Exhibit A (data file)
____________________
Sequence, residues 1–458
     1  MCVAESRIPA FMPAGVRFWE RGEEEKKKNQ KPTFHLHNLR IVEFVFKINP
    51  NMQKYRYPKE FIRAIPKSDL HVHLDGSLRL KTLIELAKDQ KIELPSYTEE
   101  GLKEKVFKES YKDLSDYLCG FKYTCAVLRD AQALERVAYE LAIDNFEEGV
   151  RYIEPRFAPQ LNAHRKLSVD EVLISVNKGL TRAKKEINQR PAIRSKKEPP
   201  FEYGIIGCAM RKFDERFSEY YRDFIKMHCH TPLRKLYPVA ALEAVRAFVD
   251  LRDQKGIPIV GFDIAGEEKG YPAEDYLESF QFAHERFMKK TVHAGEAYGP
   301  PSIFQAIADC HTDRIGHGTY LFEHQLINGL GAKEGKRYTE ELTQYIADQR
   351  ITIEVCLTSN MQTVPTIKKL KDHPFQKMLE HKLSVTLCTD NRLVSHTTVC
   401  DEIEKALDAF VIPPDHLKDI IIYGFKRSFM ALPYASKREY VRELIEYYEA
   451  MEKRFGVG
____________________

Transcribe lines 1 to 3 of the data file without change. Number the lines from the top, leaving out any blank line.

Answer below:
Sequence, residues 1–458
     1  MCVAESRIPA FMPAGVRFWE RGEEEKKKNQ KPTFHLHNLR IVEFVFKINP
    51  NMQKYRYPKE FIRAIPKSDL HVHLDGSLRL KTLIELAKDQ KIELPSYTEE